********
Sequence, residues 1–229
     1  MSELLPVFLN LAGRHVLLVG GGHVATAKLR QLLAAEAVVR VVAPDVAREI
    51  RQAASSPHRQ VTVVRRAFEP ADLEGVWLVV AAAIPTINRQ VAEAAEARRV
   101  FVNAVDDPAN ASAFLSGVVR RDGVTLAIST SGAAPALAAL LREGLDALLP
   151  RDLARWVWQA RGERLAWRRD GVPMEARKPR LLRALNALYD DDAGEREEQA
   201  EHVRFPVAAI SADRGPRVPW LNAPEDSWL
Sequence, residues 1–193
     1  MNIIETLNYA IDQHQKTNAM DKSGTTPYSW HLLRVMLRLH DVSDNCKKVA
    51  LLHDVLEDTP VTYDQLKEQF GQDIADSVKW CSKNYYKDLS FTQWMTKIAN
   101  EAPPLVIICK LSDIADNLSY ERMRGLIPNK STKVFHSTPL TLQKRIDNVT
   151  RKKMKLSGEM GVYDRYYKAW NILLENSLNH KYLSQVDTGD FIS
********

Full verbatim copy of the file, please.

Sequence, residues 1–229
     1  MSELLPVFLN LAGRHVLLVG GGHVATAKLR QLLAAEAVVR VVAPDVAREI
    51  RQAASSPHRQ VTVVRRAFEP ADLEGVWLVV AAAIPTINRQ VAEAAEARRV
   101  FVNAVDDPAN ASAFLSGVVR RDGVTLAIST SGAAPALAAL LREGLDALLP
   151  RDLARWVWQA RGERLAWRRD GVPMEARKPR LLRALNALYD DDAGEREEQA
   201  EHVRFPVAAI SADRGPRVPW LNAPEDSWL
Sequence, residues 1–193
     1  MNIIETLNYA IDQHQKTNAM DKSGTTPYSW HLLRVMLRLH DVSDNCKKVA
    51  LLHDVLEDTP VTYDQLKEQF GQDIADSVKW CSKNYYKDLS FTQWMTKIAN
   101  EAPPLVIICK LSDIADNLSY ERMRGLIPNK STKVFHSTPL TLQKRIDNVT
   151  RKKMKLSGEM GVYDRYYKAW NILLENSLNH KYLSQVDTGD FIS